Folk Americana Roots Hall of Fame Announces WasFest, Three Days of One-of-a-Kind Performances Curated by Legendary Producer Don Was
(Boston) The Folk Americana Roots Hall of Fame, an initiative of the Boch Center in Boston, announced the lineup for the inaugural WasFest, a unique music experience at the Wang and Shubert Theatres. Curated and hosted by musician, legendary producer, and President of Blue Note Records Don Was, the festival will take place June 23-25 and feature some of Was’s longtime collaborators and friends performing unique sets that fans won’t see anywhere else. WasFest is presented by the Folk Americana Roots Hall of Fame and the Boch Center. Tickets for WasFest go on sale Friday, April 14 at 10:00 am at WasFest.org.
“It was a pleasure to put this festival together, pairing some of my favorite artists performing today with some of my all-time favorite records,” said Don Was. “Albums like Wayne Shorter’s ‘Speak No Evil’ or Grant Green’s ‘Street of Dreams’ don’t always get the attention they deserve, and I hope we can bring some incredible music to new audiences with WasFest.”
WasFest will kick off Friday, June 23 at the Shubert Theatre with Singer-Songwriter Meshell Ndegeocello performing her entire album “Plantation Lullabies,” while pianist Robert Glasper will perform “The Best of Black Radio 1, 2 & 3.” The concert will feature musicians Lalah Hathaway, Stout, Bilal, and Stokley.
Also on Friday night, Dark Star Orchestra will perform the same sets The Grateful Dead performed on November 14th, 1978, at what was then the Boston Music Hall, and is now the Wang Theatre. This show was the Dead’s final performance at the Music Hall following more than a dozen performances at the theatre in the 70s.
Saturday will feature the Julian Lage Trio collaborating with famed keyboardist John Medeski to perform Grant Green’s album “Street of Dreams.” Led by guitar prodigy and Grammy nominee Julian Lage, the acclaimed trio and Medeski will perform the 1964 album in its entirety. The Gerald Clayton Trio will open with special guests Ambrose Akinmusire and Immanuel Wilkins performing the late Wayne Shorter’s "Speak No Evil.”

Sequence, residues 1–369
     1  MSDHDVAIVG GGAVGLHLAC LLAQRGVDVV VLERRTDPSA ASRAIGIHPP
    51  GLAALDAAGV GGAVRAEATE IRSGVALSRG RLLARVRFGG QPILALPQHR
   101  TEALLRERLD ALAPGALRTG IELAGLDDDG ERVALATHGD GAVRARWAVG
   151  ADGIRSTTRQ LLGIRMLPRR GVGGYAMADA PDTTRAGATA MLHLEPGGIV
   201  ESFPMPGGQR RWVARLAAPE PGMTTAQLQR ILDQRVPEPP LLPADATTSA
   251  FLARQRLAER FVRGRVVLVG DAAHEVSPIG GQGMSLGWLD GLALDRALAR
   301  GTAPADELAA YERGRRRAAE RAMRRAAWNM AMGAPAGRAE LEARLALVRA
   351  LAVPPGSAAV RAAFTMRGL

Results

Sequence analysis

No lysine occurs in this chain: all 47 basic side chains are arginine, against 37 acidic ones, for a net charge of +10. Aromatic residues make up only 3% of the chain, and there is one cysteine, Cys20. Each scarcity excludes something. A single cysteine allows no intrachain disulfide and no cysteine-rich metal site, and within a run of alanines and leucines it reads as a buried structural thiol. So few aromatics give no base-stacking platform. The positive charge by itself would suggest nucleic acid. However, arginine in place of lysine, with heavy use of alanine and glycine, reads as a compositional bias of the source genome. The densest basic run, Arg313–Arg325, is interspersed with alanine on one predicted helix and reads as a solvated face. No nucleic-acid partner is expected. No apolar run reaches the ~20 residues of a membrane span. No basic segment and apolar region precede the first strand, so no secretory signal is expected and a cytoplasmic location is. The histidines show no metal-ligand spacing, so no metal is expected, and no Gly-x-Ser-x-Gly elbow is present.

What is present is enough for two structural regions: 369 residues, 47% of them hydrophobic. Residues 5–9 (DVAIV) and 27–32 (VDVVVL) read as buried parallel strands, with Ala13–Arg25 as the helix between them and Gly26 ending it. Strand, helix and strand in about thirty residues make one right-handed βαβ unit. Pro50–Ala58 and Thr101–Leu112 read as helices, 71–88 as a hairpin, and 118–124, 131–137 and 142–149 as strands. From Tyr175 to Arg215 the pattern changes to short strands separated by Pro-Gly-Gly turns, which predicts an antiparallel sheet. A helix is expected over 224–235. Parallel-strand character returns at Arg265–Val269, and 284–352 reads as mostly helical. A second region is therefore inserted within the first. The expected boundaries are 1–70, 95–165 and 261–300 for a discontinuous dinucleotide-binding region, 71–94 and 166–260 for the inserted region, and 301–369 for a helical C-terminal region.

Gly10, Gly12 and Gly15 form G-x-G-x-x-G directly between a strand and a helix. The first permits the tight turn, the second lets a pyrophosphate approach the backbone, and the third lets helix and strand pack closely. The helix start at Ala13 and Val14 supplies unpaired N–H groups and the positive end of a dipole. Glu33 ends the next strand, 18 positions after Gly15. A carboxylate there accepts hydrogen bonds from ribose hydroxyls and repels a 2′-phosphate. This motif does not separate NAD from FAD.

The festival will wrap up with a double bill of Boston’s own Lettuce and English reggae stars Steel Pulse. Lettuce, along with special guest Judith Hill, will be performing Aretha Franklin’s legendary 1971 album “Live at the Fillmore West,“ which features Respect, Love the One You’re With, Bridge Over Troubled Water and so much more. Steel Pulse will be performing their entire album “True Democracy.”
“This is an all-star lineup from top to bottom, with incredibly talented musicians at the top of their craft,” said Joe Spaulding, President and CEO of the Boch Center. “At FARHOF we are committed to uniting our audiences with the common threads that shape all music. WasFest will allow people in the audience to follow those threads from Jazz to Reggae to Roots and more and showcase the power of music in many forms to bring us all together.”
The Folk America Roots Hall of Fame is a performance and education initiative of the Boch Center. These genres of music have historically provided an outlet for individuals of all races, classes and locations to express their joys and sorrows. Through exhibits, lectures, concerts, and more, Boston’s new cultural destination continues to advance this mission for people of all ages. Recent and current exhibits include Arlo Guthrie: Native Son, Life in Six Strings: Ernie Boch Jr., Don't Think Twice: The Daniel Kramer Photographs of Bob Dylan, 1964-65, Boston: A Music Town, The Wang Theatre: A Century of Great Music; historic artifacts from David Bieber Archives and the Cultural Heroes sculptures on loan from Alan LeQuire Galleries in Nashville.
Be sure to follow FARHOF on Facebook, Instagram and Twitter.
About Don Was:
Born in Detroit, Don Was grew up listening to Detroit blues, jazz music, and the Rolling Stones. He went on to form the group Was (Not Was) with school friend David Weiss (David Was), noted for their success in the 1980s. Now widely recognized as a record producer, Don Was has worked with artists including Bob Dylan, The Rolling Stones, Bonnie Raitt, Iggy Pop, Ziggy Marley, the B-52s, Elton John, Garth Brooks, Lucinda Williams, Old Crow Medicine Show, John Mayer, Ringo Starr, Willie Nelson, Brian Wilson, Kris Kristofferson, and Aaron Neville. He has earned multiple Grammy Awards including Producer of the Year in 1995. Don Was has served as musical director or consultant on several motion pictures including Thelma and Louise, The Rainmaker, Hope Floats, Phenomenon, Tin Cup, Honeymoon in Vegas, 8 Seconds, Switch, The Freshman, Days of Thunder, Boys on the Side, and Toy Story. He earned a British Academy Award (BAFTA) for Best Original Score in recognition of his compositions for the film Backbeat. In 1997, he directed and produced the documentary I Just Wasn't Made for These Times, about former Beach Boy Brian Wilson. The film debuted at the Sundance Film Festival and won the San Francisco Film Festival's Golden Gate Award. He has been serving as President of the legendary jazz label, Blue Note Records, since January 2012.
About the Folk Americana Roots Hall of Fame:
In 2019, the Boch Center expanded its educational programming and launched the Folk Americana Roots Hall of Fame (FARHOF) which celebrates the lifeblood of America’s musical and cultural heritage. Folk music provides an outlet for individuals of all races and backgrounds to express their highest joys and deepest sorrows.
FARHOF is dedicated to honoring history, while also nurturing the next generation of Folk, Americana, and Roots musicians. By learning from the past, the Boch Center and FARHOF hope to influence meaningful conversations today.